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1 September 2013 THE USE OF SPIROMETRY TO EVALUATE PULMONARY FUNCTION IN OLIVE RIDLEY SEA TURTLES (LEPIDOCHELYS OLIVACEA) WITH POSITIVE BUOYANCY DISORDERS
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Abstract

This study utilized computed spirometry to compare the pulmonary function of two stranded olive ridley sea turtles (Lepidochelys olivacea) presenting with a positive buoyancy disorder with two healthy captive olive ridley sea turtles held in a large public aquarium. Pulmonary function test (PFT) measurements demonstrated that the metabolic cost of breathing was much greater for animals admitted with positive buoyancy than for the normal sea turtles. Positively buoyant turtles had higher tidal volumes and significantly lower breathing-frequency patterns with significantly higher expiration rates, typical of gasp-type breathing. The resulting higher energetic cost of breathing in the diseased turtles may have a significant impact on their long-term survival. The findings represent a method for clinical respiratory function analysis for an individual animal to assist with diagnosis, therapy, and prognosis. This is the first study, to our knowledge, to evaluate objectively sea turtles presenting with positive buoyancy and respiratory disease using pulmonary function tests.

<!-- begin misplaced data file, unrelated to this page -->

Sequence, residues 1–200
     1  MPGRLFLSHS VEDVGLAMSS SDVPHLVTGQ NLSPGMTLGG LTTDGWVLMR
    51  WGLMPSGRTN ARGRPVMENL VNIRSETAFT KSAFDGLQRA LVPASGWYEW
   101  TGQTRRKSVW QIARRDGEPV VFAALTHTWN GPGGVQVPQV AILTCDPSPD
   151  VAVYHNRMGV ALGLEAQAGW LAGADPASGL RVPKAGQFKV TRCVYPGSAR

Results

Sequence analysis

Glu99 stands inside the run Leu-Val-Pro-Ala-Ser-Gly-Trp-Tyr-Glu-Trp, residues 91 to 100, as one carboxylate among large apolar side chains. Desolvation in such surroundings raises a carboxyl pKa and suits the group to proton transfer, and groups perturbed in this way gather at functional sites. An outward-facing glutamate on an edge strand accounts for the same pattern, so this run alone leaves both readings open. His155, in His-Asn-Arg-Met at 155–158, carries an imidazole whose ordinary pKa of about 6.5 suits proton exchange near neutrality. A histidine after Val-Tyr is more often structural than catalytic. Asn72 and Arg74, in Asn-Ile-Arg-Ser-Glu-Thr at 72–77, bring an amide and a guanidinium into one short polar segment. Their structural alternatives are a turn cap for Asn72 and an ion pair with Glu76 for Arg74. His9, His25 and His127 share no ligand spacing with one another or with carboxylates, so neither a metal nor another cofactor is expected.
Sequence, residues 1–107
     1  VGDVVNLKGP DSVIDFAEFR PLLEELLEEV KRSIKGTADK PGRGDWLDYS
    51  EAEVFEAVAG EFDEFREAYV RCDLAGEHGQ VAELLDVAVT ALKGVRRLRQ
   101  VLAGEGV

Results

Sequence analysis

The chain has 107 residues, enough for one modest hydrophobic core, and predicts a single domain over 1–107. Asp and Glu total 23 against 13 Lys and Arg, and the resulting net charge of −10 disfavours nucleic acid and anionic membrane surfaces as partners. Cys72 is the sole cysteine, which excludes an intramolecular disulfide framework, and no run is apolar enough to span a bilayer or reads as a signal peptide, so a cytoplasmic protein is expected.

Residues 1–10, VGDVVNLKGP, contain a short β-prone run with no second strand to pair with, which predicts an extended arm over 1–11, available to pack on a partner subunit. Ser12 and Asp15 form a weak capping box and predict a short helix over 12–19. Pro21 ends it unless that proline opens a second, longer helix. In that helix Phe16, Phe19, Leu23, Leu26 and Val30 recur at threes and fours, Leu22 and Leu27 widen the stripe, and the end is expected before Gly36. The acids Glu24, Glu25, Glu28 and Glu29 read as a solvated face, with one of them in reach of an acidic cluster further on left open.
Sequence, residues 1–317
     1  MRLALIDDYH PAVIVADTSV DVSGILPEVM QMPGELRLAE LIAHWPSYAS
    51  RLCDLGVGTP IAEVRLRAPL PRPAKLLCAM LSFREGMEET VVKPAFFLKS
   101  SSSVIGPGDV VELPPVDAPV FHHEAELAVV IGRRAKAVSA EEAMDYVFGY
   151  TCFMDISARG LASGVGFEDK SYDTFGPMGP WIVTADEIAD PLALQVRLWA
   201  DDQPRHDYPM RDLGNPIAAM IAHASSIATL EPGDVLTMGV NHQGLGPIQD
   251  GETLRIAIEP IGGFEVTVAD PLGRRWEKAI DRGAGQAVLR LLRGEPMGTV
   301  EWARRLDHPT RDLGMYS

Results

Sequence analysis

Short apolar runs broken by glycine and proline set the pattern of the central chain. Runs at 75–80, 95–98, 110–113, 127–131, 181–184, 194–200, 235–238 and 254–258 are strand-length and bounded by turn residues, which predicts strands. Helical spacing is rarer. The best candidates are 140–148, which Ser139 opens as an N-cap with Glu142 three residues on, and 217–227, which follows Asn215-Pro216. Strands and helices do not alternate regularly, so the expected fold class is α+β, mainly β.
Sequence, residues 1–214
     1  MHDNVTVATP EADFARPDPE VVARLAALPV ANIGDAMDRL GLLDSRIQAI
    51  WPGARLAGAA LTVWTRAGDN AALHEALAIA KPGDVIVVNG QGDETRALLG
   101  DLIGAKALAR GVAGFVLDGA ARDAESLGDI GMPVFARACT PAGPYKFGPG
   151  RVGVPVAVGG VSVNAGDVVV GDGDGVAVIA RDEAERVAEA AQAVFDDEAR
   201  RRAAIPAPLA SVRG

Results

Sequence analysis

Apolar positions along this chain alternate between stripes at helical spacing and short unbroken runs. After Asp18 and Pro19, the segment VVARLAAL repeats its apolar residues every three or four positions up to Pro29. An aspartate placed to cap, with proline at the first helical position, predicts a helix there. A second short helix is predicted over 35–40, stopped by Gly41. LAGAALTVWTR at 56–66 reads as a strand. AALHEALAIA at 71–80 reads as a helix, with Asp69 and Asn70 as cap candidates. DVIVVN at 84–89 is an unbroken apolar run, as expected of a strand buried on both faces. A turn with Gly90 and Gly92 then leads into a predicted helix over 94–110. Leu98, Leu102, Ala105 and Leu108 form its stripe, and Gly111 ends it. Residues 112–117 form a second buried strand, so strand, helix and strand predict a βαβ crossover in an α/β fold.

American Association of Zoo Veterinarians
Todd L. Schmitt, Suzanne Munns, Lance Adams, and James Hicks "THE USE OF SPIROMETRY TO EVALUATE PULMONARY FUNCTION IN OLIVE RIDLEY SEA TURTLES (LEPIDOCHELYS OLIVACEA) WITH POSITIVE BUOYANCY DISORDERS," Journal of Zoo and Wildlife Medicine 44(3), 645-653, (1 September 2013). https://doi.org/10.1638/2012-0210R.1
Received: 8 September 2012; Published: 1 September 2013
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